May 15, 2001 -- An out-of-control freight train carrying hazardous materials rolled more than 60 miles across northwestern Ohio today before a train company worker was able to jump on board and stop the unmanned locomotive.
The Wood County sheriff's department initially reported the 47-car CSX freight train went out of control after a conductor apparently suffered a heart attack. But, after the train was stopped near Kenton, Ohio, police said no one was on board.
"No one had a heart attack. There was no one on the train at all," said Gerlene Draper, a Kenton police dispatcher.
It Just Rolled Away
In a statement, CSX Transportation Inc. said officials were investigating the cause of the incident.
Sources told ABC affiliate WTVG in Ohio that the train originated at a trainyard southeast of Toledo. The train was being assembled on a local track and being moved to a departure track in the Norfolk Southern railyard in nearby Stanley, when something went wrong.
CSX said the train traveled approximately 66 miles through Hancock County and was heading south toward Kenton when Jon Hosfeld, a 31-year CSX official, jumped aboard. CSX had already begun slowing the mammoth runaway by hooking a catch engine to the rear of the train. That enabled Hosfeld to board the lead engine and shut it down.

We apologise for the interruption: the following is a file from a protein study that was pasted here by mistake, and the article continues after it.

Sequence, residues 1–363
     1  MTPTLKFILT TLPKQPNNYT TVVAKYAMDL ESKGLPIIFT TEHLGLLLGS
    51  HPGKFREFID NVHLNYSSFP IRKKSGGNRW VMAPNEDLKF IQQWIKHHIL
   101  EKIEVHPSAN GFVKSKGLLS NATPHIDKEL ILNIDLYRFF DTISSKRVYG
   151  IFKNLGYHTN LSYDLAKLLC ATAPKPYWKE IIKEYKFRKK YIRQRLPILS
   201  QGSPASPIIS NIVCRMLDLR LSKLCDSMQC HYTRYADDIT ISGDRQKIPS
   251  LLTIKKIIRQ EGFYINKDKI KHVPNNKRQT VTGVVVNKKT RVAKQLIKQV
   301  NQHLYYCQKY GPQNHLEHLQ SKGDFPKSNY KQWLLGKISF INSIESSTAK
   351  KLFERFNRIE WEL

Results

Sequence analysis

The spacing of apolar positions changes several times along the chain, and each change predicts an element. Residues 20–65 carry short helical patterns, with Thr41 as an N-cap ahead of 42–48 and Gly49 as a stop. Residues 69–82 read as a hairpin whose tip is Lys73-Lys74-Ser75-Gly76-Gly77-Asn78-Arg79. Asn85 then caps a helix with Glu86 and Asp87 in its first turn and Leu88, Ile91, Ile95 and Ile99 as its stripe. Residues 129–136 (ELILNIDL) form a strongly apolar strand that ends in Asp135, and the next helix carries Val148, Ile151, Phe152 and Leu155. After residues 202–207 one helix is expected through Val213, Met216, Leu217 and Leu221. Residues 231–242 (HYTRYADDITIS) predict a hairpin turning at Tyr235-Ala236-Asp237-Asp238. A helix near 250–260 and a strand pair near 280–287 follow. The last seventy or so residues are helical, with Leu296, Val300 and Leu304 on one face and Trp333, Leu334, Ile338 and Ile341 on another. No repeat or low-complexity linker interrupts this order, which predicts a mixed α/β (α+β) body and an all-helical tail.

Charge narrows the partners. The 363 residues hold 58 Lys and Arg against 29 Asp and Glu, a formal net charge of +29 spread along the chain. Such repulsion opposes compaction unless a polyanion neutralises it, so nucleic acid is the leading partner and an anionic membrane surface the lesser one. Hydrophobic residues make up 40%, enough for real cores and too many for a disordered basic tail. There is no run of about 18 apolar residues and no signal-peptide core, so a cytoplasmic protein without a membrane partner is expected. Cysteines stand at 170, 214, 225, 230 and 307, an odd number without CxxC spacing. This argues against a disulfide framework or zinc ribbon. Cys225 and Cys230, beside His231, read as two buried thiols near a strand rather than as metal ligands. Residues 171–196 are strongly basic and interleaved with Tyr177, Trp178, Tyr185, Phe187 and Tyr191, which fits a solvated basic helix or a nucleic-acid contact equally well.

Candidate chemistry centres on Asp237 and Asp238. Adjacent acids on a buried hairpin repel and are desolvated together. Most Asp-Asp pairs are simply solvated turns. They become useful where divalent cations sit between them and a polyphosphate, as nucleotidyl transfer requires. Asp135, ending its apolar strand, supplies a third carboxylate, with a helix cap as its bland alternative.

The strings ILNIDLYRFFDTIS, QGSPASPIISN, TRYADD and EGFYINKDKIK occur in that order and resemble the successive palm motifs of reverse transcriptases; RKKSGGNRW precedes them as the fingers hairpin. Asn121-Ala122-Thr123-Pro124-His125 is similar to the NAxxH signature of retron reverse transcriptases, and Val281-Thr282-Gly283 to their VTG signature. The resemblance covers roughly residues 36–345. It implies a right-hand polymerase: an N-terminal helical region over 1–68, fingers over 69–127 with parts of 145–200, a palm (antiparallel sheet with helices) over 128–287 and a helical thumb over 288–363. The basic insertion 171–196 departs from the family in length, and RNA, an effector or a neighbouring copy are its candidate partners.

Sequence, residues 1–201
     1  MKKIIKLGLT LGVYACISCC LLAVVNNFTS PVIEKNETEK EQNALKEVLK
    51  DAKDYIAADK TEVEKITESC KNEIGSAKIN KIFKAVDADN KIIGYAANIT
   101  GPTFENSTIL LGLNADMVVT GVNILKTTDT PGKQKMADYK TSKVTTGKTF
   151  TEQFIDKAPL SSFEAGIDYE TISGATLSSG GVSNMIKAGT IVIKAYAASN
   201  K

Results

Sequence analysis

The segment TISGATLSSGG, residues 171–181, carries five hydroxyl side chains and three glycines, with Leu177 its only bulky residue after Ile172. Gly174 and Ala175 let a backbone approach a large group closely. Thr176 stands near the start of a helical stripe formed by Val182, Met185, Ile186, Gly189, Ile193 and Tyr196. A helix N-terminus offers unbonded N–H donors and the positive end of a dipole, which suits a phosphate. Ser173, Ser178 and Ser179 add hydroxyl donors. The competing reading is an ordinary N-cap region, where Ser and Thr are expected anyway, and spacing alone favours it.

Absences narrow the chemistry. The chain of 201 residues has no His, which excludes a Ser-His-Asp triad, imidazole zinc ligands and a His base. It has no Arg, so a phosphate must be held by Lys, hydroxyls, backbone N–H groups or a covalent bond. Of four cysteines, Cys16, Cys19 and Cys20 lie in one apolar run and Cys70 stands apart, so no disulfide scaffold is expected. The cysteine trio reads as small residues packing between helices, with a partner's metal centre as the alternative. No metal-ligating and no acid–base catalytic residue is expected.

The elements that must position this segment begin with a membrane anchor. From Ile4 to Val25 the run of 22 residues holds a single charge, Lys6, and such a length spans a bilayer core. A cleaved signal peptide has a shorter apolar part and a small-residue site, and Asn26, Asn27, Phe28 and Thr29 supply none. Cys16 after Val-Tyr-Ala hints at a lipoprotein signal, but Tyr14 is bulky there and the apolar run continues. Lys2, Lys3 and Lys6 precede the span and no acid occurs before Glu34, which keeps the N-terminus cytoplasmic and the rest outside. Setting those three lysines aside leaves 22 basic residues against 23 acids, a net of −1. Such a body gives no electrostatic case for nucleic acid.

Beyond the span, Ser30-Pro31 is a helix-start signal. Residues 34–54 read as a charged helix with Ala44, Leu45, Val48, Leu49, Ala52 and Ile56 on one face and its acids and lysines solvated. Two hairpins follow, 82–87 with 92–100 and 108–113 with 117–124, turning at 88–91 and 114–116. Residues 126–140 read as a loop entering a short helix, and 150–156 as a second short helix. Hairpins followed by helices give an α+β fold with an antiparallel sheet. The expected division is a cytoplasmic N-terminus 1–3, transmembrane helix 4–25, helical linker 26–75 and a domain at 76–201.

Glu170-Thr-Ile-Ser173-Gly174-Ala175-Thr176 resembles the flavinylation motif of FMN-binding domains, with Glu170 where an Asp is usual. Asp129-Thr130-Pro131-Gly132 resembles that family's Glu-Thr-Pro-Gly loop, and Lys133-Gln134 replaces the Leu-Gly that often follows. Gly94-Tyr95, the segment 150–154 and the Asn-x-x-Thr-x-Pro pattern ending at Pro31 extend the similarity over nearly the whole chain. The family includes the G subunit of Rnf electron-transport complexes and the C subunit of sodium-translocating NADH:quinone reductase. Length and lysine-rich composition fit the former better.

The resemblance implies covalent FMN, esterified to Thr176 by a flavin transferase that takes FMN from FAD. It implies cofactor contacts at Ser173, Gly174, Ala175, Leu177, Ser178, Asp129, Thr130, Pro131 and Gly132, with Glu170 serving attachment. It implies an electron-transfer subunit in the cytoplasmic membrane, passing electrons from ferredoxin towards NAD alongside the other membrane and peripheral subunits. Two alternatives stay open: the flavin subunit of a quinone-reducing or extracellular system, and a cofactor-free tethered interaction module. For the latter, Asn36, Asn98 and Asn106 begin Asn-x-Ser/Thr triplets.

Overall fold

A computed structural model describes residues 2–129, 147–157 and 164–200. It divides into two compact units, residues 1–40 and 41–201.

Two of the train's cars, CSX said, were carrying molten phenol, a toxic, non-flammable product used as both a general disinfectant and to make dyes, paints and pharmaceuticals; 25 of the cars were empty.
Sources told an ABC affiliate that the train was going at least 35 mph but may have been going as fast as 60 mph at one point. The city safety director in Findlay, Ohio, said officials tried to derail the train near there, but were unsuccessful. A dispatcher said that after passing Findlay, the train was slowing down because it was moving uphill.
At one point, a sheriff's deputy tried to stop the train by shooting its fuel tank. He also failed.
Dan Middleton, jail supervisor at the Hardin County Sheriff's Department, said authorities cleared the "high-risk areas" of people and locked all crossings to avoid potential injuries.
Wendy Sheridan from ABC affiliate WTVG and ABCNEWS' Dean Schabner contributed to this report.